In the early twentieth century, the Italian American radical movement thrived in industrial cities throughout the United States, including New London, Connecticut. Facing toward the Dawn tells the history of the vibrant anarchist movement that existed in New London's Fort Trumbull neighborhood for seventy years. Comprised of immigrants from the Marche region of Italy, especially the city of Fano, the Fort Trumbull anarchists fostered a solidarity subculture based on mutual aid and challenged the reigning forces of capitalism, the state, and organized religion. They began as a circle within the ideological camp of Errico Malatesta and evolved into one of the core groupings within the wing of the movement supporting Luigi Galleani. Their manifold activities ranged from disseminating propaganda to participating in the labor movement; they fought fascists in the streets, held countless social events such as festas, theatrical performances, picnics and dances, and hosted militant speakers, including Emma Goldman. Focusing on rank-and-file militants--carpenters, stonemasons, fishermen, housewives--rather than well-known figures, Richard Lenzi offers a microhistory of an ethnic radical group during the heyday of labor radicalism in the United States. He also places that history in the context of the larger radical movement, the Italian American community, and greater American society, as it moved from the Gilded Age to the New Deal and beyond.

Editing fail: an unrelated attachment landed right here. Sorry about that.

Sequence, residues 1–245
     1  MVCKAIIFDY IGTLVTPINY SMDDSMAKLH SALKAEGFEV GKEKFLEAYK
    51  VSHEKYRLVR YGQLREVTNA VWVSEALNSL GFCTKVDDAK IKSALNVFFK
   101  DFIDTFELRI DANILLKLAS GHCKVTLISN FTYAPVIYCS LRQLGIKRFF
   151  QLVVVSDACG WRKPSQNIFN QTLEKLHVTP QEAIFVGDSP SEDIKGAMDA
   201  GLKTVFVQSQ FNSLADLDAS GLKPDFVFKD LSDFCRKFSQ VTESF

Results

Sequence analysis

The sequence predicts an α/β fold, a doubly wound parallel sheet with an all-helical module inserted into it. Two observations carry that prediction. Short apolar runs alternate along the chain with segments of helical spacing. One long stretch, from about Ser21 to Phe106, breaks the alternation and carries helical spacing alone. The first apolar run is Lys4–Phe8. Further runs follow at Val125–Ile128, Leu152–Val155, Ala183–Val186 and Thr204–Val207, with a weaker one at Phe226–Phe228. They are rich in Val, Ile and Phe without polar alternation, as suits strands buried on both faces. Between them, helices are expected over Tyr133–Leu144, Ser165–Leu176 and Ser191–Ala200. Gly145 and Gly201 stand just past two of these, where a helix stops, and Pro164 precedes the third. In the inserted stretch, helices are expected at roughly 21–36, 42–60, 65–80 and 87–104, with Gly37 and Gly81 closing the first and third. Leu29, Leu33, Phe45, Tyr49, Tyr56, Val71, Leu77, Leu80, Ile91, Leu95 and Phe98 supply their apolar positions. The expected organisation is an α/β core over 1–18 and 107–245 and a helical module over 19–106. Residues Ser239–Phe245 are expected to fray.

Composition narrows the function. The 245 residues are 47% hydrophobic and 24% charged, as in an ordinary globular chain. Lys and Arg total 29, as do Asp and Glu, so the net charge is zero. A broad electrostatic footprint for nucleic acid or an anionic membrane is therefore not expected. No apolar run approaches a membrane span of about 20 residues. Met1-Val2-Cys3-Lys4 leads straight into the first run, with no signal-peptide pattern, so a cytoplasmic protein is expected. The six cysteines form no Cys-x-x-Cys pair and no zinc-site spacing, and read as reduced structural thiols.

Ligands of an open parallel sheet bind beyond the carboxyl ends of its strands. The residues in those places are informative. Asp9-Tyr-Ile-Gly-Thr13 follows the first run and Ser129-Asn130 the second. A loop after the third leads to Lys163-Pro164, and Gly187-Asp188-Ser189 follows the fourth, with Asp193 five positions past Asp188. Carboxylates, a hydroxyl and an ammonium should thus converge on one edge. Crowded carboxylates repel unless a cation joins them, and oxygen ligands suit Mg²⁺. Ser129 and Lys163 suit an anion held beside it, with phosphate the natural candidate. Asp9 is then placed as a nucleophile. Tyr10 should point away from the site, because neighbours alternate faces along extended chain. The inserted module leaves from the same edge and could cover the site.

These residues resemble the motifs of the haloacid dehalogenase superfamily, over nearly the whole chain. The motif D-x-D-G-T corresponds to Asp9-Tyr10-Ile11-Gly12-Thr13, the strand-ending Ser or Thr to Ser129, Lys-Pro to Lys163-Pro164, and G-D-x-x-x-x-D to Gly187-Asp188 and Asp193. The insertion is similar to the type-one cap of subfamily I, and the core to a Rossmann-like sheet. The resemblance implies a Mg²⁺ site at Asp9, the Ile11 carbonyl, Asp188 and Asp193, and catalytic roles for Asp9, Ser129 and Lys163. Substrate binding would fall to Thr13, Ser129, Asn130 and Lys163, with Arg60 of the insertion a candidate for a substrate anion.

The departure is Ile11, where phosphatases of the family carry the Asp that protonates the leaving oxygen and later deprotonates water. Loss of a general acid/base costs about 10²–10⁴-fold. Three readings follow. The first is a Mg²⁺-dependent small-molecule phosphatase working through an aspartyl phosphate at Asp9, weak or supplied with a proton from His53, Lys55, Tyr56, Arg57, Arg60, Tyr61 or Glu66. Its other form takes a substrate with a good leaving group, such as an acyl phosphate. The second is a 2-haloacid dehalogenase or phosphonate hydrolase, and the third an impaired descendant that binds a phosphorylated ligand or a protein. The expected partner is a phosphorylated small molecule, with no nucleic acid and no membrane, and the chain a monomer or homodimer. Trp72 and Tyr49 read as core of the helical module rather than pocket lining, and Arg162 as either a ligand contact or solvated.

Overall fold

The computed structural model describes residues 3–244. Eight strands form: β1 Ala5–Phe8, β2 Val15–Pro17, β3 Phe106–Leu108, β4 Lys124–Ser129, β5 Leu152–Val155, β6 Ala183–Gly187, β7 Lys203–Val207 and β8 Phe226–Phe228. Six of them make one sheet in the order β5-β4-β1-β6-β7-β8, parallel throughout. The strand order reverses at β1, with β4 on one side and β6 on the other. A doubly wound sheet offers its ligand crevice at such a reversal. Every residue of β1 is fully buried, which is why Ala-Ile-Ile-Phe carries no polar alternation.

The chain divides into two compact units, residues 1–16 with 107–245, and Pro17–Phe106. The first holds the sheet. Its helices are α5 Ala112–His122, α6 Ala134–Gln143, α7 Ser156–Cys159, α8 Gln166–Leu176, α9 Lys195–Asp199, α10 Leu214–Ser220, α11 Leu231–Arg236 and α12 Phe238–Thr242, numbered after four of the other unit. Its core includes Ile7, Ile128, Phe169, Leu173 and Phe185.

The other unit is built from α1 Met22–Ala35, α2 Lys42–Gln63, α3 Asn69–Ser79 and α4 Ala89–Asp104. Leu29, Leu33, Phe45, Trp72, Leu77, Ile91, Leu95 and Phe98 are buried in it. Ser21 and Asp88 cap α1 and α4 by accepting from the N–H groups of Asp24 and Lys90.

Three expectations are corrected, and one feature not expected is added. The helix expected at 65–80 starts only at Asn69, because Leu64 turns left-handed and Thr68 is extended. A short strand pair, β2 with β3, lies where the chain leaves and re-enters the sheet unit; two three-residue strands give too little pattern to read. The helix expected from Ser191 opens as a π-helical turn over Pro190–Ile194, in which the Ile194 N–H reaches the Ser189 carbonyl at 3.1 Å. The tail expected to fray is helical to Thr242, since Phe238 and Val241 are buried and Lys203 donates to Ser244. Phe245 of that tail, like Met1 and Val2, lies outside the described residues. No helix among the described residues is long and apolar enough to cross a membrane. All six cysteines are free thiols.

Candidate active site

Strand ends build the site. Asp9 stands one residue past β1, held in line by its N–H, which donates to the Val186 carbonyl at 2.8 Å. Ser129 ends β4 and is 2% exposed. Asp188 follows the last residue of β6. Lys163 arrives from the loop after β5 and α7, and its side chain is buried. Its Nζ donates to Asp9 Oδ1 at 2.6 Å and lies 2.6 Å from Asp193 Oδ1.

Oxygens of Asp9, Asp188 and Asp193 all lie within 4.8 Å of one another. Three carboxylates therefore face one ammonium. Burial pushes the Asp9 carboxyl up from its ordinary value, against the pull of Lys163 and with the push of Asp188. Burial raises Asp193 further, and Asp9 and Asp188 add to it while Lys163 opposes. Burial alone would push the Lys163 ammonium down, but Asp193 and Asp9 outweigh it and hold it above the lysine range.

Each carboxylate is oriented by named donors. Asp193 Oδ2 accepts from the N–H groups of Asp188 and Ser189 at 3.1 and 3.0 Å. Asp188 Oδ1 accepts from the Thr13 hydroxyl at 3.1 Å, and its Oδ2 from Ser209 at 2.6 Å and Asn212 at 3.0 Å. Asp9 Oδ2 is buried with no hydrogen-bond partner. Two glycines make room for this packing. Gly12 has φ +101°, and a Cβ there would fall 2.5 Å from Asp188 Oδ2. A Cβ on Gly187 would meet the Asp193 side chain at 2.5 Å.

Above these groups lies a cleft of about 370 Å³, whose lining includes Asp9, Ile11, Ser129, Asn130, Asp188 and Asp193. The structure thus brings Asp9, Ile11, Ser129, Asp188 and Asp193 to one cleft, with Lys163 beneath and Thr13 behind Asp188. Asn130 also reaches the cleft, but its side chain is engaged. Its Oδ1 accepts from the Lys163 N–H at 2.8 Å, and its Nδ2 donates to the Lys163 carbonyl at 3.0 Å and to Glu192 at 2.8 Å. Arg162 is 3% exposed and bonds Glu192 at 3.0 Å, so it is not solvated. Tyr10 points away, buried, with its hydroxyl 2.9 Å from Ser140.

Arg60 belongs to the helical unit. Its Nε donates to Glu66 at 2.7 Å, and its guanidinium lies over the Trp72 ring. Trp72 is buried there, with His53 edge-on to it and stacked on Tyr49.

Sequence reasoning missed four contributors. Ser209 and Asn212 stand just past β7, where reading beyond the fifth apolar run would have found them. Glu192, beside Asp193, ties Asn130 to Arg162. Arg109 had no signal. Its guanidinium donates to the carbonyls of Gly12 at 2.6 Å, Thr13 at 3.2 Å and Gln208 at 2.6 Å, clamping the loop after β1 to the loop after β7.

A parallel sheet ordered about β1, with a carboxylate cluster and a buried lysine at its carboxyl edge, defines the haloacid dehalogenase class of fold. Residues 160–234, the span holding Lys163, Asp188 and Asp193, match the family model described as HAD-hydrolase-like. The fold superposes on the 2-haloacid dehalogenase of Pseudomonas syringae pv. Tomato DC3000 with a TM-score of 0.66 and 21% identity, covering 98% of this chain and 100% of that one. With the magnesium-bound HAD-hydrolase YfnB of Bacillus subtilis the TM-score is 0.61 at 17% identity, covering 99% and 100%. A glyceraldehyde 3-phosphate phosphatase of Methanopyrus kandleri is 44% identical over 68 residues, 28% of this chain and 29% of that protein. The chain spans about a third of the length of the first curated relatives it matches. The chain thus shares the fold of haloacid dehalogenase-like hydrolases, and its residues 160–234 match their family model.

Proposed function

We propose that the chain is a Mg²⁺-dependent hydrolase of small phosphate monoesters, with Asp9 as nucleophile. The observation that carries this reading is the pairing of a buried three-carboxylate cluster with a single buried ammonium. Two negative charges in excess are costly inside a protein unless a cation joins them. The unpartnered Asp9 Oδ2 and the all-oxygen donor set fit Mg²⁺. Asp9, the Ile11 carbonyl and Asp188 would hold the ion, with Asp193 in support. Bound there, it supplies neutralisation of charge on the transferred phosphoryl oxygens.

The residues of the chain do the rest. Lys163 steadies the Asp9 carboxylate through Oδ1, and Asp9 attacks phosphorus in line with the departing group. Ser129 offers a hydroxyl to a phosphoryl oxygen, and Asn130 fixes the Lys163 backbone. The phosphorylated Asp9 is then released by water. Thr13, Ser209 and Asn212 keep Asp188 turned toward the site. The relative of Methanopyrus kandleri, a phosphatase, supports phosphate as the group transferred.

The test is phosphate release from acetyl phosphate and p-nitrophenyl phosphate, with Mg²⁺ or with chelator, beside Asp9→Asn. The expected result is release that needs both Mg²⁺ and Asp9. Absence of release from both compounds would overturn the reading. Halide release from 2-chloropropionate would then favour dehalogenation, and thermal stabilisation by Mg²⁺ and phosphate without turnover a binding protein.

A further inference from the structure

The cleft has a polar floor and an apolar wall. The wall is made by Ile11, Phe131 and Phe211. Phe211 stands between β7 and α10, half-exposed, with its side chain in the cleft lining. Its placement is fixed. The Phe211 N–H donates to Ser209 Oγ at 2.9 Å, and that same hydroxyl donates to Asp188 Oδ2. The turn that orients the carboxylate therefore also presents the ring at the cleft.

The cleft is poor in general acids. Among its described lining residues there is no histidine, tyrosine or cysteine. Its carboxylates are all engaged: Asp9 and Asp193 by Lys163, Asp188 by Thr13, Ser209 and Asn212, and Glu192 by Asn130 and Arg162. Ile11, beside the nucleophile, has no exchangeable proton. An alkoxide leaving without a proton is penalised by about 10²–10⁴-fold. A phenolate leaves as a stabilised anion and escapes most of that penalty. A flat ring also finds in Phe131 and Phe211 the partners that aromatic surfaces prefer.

About the Author
Richard Lenzi is an independent scholar who was heavily involved in the labor movement and the political left for many years. A product of a lifelong interest in labor and radical history, this is his first book.